Of the common doves in our neighborhood, the mourning dove (Zenaida macroura) is the most elegant looking. Its long pointed tail is distinctive as it zooms through the air with its characteristic straight, fast flight. The bird shown above appears much chubbier than usual because it is fluffed up against a cold morning. Though not as numerous as the white-winged doves, whose huge flocks tend to dominate our area, mourning doves are still rather common; I often see them foraging and sometimes find their nests. They seem to prefer balancing a few twigs on a branch of our tall juniper or Chinese parasol trees, but I've also found a nest on a low ledge of a vine-covered building where I walk our dog. The birds are quite tolerant of human presence, and I've been surprised to suddenly be looking eye-to-eye with a dove on its half-hidden nest at a distance of just a couple of feet.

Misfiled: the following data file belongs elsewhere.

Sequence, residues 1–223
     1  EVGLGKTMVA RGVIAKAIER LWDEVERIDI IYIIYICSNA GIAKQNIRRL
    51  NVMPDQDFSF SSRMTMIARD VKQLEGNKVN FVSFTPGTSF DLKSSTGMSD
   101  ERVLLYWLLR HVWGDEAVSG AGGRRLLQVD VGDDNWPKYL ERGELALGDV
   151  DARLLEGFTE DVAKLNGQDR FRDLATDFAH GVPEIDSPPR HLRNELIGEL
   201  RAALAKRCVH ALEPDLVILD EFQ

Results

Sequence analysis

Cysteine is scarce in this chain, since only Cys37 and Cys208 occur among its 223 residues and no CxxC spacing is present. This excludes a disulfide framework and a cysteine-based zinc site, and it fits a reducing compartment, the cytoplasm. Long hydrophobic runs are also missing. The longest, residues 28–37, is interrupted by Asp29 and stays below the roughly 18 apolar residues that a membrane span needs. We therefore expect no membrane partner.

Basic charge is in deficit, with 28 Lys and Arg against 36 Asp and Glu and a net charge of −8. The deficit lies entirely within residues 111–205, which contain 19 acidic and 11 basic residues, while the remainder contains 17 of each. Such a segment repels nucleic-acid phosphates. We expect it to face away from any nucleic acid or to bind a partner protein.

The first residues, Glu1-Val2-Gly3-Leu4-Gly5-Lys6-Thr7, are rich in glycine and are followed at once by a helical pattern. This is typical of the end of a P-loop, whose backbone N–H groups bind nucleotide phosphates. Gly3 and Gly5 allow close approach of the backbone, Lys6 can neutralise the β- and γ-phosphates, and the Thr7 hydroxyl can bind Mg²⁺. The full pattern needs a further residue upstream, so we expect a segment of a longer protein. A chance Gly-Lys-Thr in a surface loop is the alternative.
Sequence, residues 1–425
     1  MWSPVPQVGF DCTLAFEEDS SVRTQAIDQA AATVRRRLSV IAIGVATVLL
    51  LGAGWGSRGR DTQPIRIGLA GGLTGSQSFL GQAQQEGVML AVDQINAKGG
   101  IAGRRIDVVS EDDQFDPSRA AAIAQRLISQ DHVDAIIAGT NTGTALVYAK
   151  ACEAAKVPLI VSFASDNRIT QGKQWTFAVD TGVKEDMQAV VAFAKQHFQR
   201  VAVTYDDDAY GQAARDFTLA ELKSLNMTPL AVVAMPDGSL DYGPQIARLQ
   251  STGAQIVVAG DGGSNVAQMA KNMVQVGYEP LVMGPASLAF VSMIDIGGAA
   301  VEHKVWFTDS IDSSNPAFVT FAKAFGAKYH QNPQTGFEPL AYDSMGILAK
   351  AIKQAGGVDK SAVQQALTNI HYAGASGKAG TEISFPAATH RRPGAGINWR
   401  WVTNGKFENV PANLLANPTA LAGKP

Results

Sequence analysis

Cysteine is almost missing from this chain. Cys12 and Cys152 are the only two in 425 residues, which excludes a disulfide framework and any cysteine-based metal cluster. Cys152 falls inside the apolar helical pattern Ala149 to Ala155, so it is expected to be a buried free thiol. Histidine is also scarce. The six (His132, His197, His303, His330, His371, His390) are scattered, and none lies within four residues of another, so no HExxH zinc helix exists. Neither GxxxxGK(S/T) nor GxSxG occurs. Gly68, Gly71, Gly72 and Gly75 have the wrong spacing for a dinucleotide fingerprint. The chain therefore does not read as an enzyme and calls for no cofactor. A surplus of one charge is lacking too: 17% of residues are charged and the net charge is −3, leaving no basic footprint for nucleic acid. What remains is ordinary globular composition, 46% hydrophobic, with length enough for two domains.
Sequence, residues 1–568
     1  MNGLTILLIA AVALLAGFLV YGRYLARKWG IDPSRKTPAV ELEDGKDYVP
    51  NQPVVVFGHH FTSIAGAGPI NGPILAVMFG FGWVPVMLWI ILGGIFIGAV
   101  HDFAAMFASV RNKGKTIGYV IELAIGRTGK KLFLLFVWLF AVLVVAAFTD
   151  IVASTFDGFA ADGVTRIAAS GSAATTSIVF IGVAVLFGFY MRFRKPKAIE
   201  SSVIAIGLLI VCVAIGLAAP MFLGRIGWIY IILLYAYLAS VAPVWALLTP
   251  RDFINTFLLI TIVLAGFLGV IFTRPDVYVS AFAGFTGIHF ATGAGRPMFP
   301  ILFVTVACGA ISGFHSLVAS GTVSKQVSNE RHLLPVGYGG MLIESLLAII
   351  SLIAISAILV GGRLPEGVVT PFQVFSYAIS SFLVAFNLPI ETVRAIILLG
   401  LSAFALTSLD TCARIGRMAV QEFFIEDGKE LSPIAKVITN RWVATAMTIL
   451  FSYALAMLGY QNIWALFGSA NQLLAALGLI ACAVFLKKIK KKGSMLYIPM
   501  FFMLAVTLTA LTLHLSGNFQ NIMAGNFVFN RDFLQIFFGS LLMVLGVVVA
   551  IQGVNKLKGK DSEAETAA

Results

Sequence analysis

During the summer, the doves are attracted to our ponds and seem rather oblivious to my presence when they land. If I don't move, they never seem to know I am around. While most birds drink by scooping water into their beaks and then tipping their heads back to swallow, doves use suction so they simply lower their heads to the water and drink continuously.
Mourning dove nestlings are ugly to the point of being charming, with their emerging feathers sticking out like quills. The newly hatched babies are fed crop milk for a few days. This substance is a sort of whitish glop produced by glands in the parents' crops and is often compared to the milk produced by mammals because it contains antibodies and nutrients.